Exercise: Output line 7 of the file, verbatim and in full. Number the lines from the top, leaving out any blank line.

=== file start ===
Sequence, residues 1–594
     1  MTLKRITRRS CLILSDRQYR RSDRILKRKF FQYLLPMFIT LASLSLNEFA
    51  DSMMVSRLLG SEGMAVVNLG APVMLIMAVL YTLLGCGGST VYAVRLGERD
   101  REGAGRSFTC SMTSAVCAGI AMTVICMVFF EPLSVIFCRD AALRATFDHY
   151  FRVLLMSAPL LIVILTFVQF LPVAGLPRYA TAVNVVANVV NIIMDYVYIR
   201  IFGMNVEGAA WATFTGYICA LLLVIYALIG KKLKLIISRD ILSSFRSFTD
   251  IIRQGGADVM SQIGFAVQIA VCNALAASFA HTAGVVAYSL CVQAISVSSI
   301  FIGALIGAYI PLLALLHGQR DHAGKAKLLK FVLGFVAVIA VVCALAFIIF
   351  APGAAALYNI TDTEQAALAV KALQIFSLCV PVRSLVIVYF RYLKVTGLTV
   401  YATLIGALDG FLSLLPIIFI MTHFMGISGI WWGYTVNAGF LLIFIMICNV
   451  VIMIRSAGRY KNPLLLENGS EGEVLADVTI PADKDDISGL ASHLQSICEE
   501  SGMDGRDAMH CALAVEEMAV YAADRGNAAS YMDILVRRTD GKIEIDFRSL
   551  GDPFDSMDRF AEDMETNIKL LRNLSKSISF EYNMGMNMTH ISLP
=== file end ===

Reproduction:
   251  IIRQGGADVM SQIGFAVQIA VCNALAASFA HTAGVVAYSL CVQAISVSSI